Is website Nirvana possible? TTFB and Rendering issues

Hi folks, I’m hoping you can help…
I work for a small shoe retail company and have been plugging away at trying to make the website as slick as possible. Our website is The company we work with have done great work in getting us to where we are now but I have a few things that I just don’t understand…

  1. On most metrics we seem to be doing ok but the one that bothers me the most is that we score a D for TTFB. Now I know that there are many things that can influence TTFB, our server does seem to throw out erratic “Wait” times when I check on Pingdom and GT Metrix but our web development guys don’t seem to be able to do anything to stabilise the wait times and/or lower the TTFB.

  2. Another thing that I am battling with is our users have to wait a fair bit of time and then POOF the whole page renders . I would rather they elements loading as early as possible so that they don’t wait for 4 seconds with a blanks screen and think that the site is down and just leave.

Before I accept that nothing more can be done, I thought I would just throw it out to the people who know stuff. Am I seeking improvements where improvements can’t be had or is website nirvana still possible :slight_smile:

Thanks in advance


It’s definitely possible to get an A grade for an ecommerce website. Most of this is backend time. I’m not sure what type of CMS you are running so I can’t say what sort of TTFB time would be realisticaly possible on your website.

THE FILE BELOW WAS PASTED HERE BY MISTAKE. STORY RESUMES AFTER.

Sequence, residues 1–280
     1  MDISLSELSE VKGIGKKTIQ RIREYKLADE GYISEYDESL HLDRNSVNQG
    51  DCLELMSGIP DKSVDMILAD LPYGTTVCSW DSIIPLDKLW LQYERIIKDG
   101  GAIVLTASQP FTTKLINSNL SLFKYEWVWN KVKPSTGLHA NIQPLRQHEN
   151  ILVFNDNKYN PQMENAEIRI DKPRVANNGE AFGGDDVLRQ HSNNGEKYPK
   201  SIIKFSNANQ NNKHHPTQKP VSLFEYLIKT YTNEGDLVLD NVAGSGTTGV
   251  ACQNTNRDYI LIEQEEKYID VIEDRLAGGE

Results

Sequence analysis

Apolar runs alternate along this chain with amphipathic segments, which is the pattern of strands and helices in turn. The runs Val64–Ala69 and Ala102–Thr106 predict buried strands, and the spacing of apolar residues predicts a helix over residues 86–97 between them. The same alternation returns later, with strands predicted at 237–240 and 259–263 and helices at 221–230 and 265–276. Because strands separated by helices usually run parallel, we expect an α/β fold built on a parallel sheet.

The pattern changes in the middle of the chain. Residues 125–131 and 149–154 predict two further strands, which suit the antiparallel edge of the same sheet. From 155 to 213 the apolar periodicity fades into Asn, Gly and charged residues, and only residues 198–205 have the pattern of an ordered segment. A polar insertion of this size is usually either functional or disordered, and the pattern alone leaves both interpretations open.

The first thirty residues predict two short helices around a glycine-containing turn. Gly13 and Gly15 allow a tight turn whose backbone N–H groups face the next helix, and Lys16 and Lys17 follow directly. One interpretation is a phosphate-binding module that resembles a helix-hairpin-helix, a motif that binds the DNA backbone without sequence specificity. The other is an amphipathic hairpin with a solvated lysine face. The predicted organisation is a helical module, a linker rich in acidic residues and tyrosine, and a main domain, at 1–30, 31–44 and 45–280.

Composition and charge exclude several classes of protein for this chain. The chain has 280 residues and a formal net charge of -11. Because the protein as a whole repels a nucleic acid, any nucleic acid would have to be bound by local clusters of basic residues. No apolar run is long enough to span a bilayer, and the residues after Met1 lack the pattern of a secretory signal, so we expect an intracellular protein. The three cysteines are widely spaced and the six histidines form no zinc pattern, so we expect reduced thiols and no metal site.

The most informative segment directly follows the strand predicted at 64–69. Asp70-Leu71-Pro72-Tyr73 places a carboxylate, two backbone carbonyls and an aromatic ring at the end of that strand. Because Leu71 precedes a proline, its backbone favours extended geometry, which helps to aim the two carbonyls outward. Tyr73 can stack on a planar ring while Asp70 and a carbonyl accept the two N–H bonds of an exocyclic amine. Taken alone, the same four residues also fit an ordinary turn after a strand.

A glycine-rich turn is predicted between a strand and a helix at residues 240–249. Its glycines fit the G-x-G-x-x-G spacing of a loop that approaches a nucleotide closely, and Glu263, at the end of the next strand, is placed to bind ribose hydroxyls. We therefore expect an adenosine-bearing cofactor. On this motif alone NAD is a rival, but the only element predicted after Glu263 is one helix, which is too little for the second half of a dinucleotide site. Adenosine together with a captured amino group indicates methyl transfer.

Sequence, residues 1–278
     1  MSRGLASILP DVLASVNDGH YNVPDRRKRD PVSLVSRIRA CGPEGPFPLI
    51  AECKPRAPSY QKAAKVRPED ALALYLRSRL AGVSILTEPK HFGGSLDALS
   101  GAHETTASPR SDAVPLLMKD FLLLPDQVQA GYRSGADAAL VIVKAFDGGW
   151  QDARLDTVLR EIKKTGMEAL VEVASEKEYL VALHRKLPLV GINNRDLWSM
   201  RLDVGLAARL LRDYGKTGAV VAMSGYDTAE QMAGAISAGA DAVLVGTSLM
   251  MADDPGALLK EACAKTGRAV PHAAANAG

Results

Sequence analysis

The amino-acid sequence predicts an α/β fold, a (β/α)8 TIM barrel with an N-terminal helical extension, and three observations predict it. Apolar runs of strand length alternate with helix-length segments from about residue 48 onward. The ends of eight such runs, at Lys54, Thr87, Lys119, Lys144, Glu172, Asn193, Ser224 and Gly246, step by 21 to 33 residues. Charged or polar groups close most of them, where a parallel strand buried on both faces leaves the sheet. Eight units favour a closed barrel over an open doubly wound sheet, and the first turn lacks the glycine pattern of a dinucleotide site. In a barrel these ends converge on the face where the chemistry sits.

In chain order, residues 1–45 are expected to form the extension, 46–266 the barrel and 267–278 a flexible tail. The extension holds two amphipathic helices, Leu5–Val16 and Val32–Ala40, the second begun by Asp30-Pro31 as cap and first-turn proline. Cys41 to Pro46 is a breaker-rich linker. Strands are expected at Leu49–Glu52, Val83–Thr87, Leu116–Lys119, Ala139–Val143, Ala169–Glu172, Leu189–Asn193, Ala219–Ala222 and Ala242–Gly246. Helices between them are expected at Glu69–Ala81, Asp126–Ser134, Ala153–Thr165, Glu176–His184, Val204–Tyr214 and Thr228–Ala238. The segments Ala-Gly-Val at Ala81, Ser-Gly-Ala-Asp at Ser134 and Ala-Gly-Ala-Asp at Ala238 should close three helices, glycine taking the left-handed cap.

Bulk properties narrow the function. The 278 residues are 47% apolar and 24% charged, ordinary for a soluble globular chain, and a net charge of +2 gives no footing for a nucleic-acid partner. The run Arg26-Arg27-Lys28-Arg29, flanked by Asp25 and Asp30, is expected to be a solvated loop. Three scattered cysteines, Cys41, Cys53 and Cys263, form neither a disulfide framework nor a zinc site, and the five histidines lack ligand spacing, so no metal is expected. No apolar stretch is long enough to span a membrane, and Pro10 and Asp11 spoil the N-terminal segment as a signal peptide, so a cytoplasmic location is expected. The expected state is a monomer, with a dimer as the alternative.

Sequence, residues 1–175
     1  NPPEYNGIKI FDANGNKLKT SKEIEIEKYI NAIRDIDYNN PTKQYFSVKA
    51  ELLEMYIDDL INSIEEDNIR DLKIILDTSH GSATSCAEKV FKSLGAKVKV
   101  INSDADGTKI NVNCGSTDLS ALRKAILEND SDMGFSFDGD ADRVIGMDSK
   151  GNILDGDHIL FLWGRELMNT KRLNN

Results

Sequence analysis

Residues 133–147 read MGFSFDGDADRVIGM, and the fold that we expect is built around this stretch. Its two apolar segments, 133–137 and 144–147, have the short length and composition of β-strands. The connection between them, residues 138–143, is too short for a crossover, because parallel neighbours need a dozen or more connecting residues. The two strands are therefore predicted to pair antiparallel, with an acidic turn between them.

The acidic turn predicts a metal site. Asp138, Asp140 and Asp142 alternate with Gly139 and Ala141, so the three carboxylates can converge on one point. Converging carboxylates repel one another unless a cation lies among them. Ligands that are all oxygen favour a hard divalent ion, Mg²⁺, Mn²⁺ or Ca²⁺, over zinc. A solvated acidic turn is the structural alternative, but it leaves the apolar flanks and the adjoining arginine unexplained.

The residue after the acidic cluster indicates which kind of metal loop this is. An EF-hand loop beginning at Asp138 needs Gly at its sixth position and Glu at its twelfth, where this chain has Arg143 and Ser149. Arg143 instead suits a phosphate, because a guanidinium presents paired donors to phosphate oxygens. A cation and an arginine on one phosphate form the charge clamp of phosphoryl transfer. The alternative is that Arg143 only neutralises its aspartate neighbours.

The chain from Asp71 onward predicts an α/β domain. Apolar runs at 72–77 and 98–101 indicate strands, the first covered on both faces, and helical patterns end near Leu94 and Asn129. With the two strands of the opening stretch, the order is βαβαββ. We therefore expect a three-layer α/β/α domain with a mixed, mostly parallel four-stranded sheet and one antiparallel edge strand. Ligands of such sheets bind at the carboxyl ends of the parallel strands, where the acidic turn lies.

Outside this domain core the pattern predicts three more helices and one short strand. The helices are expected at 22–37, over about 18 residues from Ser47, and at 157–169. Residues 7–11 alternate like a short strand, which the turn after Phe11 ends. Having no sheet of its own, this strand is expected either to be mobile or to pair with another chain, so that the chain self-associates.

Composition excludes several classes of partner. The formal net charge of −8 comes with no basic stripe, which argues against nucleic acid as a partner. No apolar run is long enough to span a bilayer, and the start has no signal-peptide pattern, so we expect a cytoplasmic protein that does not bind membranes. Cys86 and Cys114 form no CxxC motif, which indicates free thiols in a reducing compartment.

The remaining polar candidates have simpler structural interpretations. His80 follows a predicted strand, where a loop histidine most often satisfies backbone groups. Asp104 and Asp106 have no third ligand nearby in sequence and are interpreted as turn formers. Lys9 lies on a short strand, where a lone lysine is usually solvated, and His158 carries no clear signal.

Here’s what I would recommend doing:

  • Switch to http2 so resources load in parallel

  • You may want to move to a more optimized server and ensure you are running the latest software PHP7, mysql (or whichever runs your database), and nginx. Your nginx version is 1.10.2 which was released a year ago so I’m assuming other software is also out of date.

HTTP2 will help with frontend optimization and will help to decrease that 4s paint delay. The way the carousel loads the brands is also blocking the page from rendering. As the browser is waiting for the .php file then all of the images for the brands before it renders the page. I would load this with the initial html content. There isn’t a reason to call the brands.html.php file on every page.

Thanks so much for your answer, the CMS we are running is proprietary coded (and a bit clunky I think). I just want to ensure that we do optimise what we can optimise. Thanks for picking up the carousel error, no idea why it was implemented as render blocking and also why it is running on every page.

I was ask our services providers about the server they are running (although they assure me it is as good as it gets) but I have no doubt improvements can be made. It just seems that I am the one having to do the homework to ensure the improvements are made.

Once again… thanks a million.

Summary: Likely good for you to hire someone to audit your code + fix all the following items + help you escape your custom code mire.

[ … soap box mode on … ]

You probably won’t like this. Just my opinion.

First I’ve been running high speed, private site hosting since 1994 + I’ve seen it all.